Another example of conversion of the bottom side of the F1-layer into sequential Es, observed on 01-07-1993, is shown in Fig. 2(a-h). in this example, unlike the previous one, the bottom side (3.9-4.5 MHz) of the F1-layer is first converted partly into E2-layer and Es at 1344 hours LT, which persist up to 1359 hours LT (Fig. 2(b-c)). Later, E2-layer and Es merge together to form a single h-type sequential Es at 1429 hours LT (Fig. 2(e)); which continues to descend until it is ultimately converted into a c-type sequential Es at 1559 hours LT (Fig. 2(g)).
A preliminary study of the peculiar sequential Es occurring at Karachi during 1992-93 has shown that:
(i) This is a daytime phenomenon which (irrespective of the season) starts at Karachi around noon and continues up to 1800 hours LT at the most. This phenomenon when started before noon is usually found to be stronger and prolonged.
(ii) The occurrence of sequential Es is more frequent in Winter (35%) than in Equinoxes (18%) and Summer (13%). In Winter (1992-93), its occurrence is found to be maximum in the month of November (53%)
(iii) The virtual height of the sequential Es is found to be around 200Kms at the time of its onset.
(iv) As the sequential Es descends, foEs often remains constant or shows a nominal increase. At times, foEs may increase abruptly when sequential Es is converted into a 'c' type Es.
(v) The downward speed, d(h'Es)/dt, of sequential Es is on average about 6m/sec.
(vi) The sequential Es is blanketing in nature.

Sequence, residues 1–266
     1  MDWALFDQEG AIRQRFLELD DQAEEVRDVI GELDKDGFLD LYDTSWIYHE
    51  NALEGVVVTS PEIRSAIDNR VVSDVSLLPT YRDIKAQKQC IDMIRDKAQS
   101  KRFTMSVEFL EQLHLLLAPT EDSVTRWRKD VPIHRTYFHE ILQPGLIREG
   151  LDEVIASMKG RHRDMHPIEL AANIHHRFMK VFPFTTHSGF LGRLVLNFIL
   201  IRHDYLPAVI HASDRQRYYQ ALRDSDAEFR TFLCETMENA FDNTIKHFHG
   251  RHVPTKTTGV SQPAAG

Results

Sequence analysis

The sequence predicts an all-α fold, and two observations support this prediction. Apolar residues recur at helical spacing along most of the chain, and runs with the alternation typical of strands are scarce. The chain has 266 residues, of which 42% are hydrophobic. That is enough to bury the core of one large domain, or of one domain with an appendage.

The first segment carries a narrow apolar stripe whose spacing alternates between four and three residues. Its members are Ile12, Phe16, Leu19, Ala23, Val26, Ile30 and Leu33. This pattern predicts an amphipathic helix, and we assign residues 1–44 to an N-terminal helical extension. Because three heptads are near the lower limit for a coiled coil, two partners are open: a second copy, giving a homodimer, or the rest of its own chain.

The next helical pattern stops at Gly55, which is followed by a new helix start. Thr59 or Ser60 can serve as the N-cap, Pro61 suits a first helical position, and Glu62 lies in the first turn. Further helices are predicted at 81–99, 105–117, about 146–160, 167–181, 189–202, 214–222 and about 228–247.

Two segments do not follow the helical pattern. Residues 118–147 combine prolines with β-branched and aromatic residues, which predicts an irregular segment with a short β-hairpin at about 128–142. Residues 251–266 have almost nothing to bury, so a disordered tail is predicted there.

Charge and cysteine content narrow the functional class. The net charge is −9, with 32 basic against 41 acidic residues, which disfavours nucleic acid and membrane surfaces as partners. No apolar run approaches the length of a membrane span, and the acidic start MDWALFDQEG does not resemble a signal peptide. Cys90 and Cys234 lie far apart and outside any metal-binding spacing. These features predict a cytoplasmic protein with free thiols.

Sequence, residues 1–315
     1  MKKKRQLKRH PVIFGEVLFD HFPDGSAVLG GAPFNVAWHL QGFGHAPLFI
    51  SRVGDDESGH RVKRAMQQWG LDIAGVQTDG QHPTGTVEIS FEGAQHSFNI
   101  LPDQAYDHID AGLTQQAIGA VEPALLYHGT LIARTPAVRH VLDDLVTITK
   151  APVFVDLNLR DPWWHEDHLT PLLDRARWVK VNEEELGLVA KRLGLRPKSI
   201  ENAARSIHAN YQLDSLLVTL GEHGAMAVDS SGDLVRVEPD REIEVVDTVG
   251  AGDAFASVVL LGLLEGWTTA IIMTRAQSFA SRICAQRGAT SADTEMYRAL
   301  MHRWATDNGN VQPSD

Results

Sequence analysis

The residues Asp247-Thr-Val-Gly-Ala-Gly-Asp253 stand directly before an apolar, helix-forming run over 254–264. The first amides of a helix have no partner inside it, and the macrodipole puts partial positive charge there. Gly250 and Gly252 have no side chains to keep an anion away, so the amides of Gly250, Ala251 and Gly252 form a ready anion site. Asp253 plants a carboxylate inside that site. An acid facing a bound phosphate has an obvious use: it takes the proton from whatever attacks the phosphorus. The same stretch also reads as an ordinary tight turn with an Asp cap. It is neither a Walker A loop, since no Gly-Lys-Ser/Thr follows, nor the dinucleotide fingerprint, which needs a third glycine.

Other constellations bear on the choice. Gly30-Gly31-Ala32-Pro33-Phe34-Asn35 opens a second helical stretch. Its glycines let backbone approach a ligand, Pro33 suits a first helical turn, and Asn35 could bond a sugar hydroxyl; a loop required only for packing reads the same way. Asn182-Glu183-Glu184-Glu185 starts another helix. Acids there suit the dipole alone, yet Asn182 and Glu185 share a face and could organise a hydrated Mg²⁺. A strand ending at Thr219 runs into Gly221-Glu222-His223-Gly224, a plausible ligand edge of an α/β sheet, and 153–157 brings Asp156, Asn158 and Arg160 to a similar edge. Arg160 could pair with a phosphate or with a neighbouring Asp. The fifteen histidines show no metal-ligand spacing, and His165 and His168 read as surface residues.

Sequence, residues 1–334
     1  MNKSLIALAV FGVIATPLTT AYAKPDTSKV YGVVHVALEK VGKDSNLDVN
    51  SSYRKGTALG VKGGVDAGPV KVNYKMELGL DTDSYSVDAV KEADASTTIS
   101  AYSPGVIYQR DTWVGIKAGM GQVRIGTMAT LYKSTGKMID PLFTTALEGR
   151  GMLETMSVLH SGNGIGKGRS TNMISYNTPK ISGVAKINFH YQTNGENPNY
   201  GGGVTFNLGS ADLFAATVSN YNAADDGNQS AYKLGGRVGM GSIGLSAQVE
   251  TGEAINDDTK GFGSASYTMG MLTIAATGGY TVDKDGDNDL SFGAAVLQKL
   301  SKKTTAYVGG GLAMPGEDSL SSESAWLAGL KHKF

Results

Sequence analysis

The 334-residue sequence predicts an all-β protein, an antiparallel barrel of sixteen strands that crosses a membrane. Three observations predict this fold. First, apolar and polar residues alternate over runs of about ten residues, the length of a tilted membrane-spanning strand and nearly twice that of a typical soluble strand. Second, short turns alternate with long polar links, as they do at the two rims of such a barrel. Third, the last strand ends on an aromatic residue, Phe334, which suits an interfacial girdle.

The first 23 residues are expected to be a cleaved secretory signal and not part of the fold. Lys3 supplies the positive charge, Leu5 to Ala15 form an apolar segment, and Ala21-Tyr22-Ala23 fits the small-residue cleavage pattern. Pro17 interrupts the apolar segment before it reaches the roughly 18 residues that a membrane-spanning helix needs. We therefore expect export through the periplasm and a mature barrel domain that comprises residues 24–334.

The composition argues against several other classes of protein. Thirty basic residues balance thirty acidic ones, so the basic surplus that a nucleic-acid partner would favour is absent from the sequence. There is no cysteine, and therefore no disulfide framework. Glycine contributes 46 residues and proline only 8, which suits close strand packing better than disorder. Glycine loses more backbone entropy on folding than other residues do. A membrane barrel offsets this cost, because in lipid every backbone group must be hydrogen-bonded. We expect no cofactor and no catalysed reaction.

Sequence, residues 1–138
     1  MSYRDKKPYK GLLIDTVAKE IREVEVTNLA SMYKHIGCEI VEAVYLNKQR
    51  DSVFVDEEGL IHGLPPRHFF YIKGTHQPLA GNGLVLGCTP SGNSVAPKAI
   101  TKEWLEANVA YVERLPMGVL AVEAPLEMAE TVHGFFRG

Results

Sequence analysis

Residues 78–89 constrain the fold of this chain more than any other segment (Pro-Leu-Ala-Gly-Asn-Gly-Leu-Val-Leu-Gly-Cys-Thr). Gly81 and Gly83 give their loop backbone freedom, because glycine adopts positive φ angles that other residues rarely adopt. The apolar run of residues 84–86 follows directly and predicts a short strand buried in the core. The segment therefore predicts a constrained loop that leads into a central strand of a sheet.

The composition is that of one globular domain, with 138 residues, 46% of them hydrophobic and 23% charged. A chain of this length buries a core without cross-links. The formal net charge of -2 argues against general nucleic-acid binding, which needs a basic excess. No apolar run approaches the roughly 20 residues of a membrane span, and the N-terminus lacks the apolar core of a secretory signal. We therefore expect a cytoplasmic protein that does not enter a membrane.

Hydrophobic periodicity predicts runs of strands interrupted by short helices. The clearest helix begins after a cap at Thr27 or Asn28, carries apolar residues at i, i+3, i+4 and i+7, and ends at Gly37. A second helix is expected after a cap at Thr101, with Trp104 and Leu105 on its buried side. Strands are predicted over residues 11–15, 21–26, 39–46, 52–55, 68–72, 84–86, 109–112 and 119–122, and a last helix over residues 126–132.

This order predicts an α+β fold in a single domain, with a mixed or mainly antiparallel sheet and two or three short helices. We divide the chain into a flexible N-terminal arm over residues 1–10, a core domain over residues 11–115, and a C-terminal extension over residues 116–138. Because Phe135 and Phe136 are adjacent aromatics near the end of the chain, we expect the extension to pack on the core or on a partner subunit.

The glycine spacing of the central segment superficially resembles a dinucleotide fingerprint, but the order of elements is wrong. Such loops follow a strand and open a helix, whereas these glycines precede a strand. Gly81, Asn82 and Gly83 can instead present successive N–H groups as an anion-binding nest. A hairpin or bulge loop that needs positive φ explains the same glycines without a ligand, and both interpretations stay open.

8.5. Conclusions and Discussion
A study of the Karachi ionograms for the year 1992-93 reveals conversion of the bottom side of the F1-layer, directly or through E2-layer, into sequential Es. This peculiar sequential Es, with its onset around noon, descends from a virtual height of around 200Km to about 130Km at a velocity of about 6m/sec. A study of sequential Es, which normally descends from 200Km to 130Km, may help us to deduce the neutral meridional wind patterns in the middle ionosphere at Karachi. This is because the wind shear theory predicts that, below about 130Km, Es layers are controlled more by the zonal wind that by the meridional wind (Chen and Harris, 1971).
The authors feel highly indebted to Mr Sikandar Zaman, Chairman (SUPARCO) for his constant support and patronage to the cause of ionospheric studies in Pakistan. The authors also feel indebted to Dr M I Mirza, Member (Space Research) for his valuable advice and helpful suggestions during the course of this study. Dr Khatri, SSO and Mr M Wagar Hasan, SSO are acknowledged respectively for reading the proof of this paper and helping in the preparation of the diagrams included in it.
Bibi, K., Ann. Geophys., 16, 148, 1960
Chen, W. M. and Harris, R.D., J. Atmos. Terr. Phys., 33, 1193, 1971.
Lanchester, B. S., Nygren, T., Huuskonen, A., Turunen, T. and Jarvis, M. J., Planet. Space Sci., 39, 1421-1434, 1991.
Rawer, K., Ionospheric Sporadic E., edited by E. K. Smith and S. Matsushita, p. 292, Pergamon Press, New York, 1962.
Rawer, K., Proceedings of the International Conference on the Ionosphere, London, 1962, p. 239, Institute of Physics and Physical Society, 1963.
Robinson, B. J., J. Atmos. Terr. Phys., 19, 160, 1960.
Whitehead, J. D., Rev. of Geophys. and Space Phys., 8, p. 65-127, 1970.